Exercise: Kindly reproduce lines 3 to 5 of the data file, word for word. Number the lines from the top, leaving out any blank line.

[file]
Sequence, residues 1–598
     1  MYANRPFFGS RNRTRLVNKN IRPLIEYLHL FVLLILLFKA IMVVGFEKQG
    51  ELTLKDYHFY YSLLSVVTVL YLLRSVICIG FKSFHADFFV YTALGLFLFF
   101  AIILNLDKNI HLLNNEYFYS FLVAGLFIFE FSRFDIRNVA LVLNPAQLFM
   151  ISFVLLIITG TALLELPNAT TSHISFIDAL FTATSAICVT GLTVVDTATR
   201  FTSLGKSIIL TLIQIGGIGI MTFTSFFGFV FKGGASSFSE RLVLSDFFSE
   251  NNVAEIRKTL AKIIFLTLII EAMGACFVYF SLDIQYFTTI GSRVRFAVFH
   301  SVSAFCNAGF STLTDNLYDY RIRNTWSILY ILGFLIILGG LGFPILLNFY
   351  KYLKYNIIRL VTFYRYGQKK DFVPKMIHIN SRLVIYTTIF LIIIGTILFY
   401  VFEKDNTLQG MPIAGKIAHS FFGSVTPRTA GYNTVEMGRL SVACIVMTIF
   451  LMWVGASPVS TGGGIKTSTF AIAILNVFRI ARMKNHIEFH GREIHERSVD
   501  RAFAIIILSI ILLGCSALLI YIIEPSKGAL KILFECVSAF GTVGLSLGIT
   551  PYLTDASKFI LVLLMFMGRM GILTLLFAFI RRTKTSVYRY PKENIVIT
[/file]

    51  ELTLKDYHFY YSLLSVVTVL YLLRSVICIG FKSFHADFFV YTALGLFLFF
   101  AIILNLDKNI HLLNNEYFYS FLVAGLFIFE FSRFDIRNVA LVLNPAQLFM
   151  ISFVLLIITG TALLELPNAT TSHISFIDAL FTATSAICVT GLTVVDTATR